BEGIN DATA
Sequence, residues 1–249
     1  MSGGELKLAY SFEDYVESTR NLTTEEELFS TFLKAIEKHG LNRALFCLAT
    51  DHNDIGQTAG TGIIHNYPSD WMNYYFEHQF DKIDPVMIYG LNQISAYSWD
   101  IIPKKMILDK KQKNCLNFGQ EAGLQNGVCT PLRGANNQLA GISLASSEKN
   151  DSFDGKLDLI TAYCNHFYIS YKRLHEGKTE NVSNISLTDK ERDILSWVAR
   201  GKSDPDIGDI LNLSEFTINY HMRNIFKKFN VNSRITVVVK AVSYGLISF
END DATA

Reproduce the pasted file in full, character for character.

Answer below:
Sequence, residues 1–249
     1  MSGGELKLAY SFEDYVESTR NLTTEEELFS TFLKAIEKHG LNRALFCLAT
    51  DHNDIGQTAG TGIIHNYPSD WMNYYFEHQF DKIDPVMIYG LNQISAYSWD
   101  IIPKKMILDK KQKNCLNFGQ EAGLQNGVCT PLRGANNQLA GISLASSEKN
   151  DSFDGKLDLI TAYCNHFYIS YKRLHEGKTE NVSNISLTDK ERDILSWVAR
   201  GKSDPDIGDI LNLSEFTINY HMRNIFKKFN VNSRITVVVK AVSYGLISF